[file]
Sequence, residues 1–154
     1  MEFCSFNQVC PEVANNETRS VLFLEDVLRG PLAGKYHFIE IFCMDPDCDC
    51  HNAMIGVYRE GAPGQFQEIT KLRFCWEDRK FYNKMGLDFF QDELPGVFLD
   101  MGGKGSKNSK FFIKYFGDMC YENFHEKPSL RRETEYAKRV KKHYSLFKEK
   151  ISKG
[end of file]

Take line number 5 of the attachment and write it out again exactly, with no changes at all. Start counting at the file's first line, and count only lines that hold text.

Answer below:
   151  ISKG